Question — I work for the Australian Council for Overseas Aid and we represent quite a number of NGOs. On the points you made about accountability, we have a Code of Conduct that requires all our members to provide the information that you listed about their money, how they spend it, where they get it from, and things like that. In another issue of accountability, a lot of our members get money from the government, from the Australian Agency for International Development. They have a very strong accreditation system which also requires agencies, if they want to get government money, to go through the same accountability processes, not only on a quantitative measure but on a qualitative measure. They have to provide information, annual reports which document where their money goes and how they got it. So there are two quite strong accountability measures that we have in place for a large section of the NGO community that you didn’t mention, but needs to be known.
Gary Johns — Thanks for raising it. In an earlier paper that I published, that talks about this mechanism of the protocol, I in fact use the example of aid agencies and the Australian aid community as having perhaps best practice in some ways. The requirement that they tell the taxpayer who they are, how they operate, what their internal mechanisms are, your sort of broad ideas of accountability, we have placed as part of the protocol. There are a lot of NGOs who do this; it isn’t always available publicly. But I want the notion to sink in that it should be as of right. If you seek to displace the taxpayer, to represent the taxpayer, then the taxpayer should be informed. In the case of aid agencies, they are spending government money. There is no dispute that we should know all about them. That is a contractual matter. If government was not asking it would be murder, it would be obscene. But we ought to take it a little bit further and run it across a series of NGOs. Yes, I’m aware of your sector and we have no difficulty whatsoever with that. Your notion of accountability is well developed.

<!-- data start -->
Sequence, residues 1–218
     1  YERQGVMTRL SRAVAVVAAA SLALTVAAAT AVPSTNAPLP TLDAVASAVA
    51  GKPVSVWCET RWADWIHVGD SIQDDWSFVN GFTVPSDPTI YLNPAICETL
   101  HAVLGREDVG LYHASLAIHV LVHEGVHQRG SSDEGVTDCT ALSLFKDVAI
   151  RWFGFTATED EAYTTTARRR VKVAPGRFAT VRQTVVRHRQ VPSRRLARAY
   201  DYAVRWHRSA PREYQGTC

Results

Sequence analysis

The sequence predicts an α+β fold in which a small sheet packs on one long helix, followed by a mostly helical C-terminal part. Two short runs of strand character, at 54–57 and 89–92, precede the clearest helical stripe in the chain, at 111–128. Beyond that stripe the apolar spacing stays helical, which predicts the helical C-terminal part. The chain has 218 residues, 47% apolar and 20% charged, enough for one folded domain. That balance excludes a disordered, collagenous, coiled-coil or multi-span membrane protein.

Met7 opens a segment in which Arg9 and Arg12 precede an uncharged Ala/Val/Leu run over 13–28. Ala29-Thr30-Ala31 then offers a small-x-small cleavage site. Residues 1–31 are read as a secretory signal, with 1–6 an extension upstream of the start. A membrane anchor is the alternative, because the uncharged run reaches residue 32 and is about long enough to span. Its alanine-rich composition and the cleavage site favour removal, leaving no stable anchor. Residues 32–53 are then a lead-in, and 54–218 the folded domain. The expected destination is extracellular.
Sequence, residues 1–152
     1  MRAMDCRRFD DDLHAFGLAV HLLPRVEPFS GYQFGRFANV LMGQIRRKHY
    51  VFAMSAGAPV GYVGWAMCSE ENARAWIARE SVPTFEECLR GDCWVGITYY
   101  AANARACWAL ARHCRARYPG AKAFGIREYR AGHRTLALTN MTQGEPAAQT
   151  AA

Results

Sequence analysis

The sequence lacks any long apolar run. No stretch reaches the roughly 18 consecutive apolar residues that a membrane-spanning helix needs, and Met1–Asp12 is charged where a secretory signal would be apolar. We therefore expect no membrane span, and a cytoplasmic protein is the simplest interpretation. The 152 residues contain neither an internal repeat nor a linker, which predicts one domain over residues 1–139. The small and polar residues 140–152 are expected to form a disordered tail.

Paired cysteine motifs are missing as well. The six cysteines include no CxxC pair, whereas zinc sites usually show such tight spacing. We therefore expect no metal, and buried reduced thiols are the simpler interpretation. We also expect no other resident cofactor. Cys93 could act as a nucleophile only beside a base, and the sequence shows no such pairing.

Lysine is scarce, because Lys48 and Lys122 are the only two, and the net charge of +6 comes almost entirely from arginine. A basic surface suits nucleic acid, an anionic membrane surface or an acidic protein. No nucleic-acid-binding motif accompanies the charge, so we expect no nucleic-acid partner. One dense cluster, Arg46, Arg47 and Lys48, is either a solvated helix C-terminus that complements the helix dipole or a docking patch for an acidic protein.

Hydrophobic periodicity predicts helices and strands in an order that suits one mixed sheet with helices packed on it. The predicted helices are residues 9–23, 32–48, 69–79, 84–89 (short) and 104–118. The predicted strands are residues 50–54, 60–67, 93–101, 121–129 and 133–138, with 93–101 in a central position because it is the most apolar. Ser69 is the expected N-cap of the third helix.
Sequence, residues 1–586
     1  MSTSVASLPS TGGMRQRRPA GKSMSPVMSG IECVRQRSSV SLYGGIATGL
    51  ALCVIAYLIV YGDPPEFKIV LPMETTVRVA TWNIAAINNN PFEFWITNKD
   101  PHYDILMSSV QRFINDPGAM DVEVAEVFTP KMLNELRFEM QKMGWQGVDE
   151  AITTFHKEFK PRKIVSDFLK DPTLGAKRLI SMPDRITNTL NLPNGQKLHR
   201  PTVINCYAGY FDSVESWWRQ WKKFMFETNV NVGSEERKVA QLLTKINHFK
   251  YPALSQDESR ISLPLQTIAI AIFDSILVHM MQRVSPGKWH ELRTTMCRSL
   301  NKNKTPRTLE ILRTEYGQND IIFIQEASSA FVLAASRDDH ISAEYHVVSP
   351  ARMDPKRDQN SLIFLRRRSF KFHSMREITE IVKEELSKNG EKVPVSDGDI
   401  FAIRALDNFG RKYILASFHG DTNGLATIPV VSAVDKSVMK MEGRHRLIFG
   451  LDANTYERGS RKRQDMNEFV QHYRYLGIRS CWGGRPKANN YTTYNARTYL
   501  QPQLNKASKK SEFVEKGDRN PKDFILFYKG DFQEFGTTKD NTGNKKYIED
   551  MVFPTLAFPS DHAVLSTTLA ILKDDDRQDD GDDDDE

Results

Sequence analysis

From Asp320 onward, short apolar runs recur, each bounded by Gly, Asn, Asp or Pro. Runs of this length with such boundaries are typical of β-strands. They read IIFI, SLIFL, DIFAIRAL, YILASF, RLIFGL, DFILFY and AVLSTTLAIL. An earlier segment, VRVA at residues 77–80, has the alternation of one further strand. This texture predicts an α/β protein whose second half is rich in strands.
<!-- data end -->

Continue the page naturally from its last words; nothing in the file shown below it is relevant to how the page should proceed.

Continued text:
* This paper was presented as a lecture in the Department of the Senate Occasional Lecture Series at Parliament House on 23 August 2002.
 Yuri Dombrovsky, The Faculty of Useless Knowledge, London, Harvill, 1996.
 See Gary Johns, ‘Corporate Social Responsibility or Civil Society Regulation?’ Harold Clough Lecture, Perth, 16 August 2002.
 Martin Krygier, ‘The Sources of Civil Society’, Quadrant, October and November 1996, pp. 12–22 and 26–33.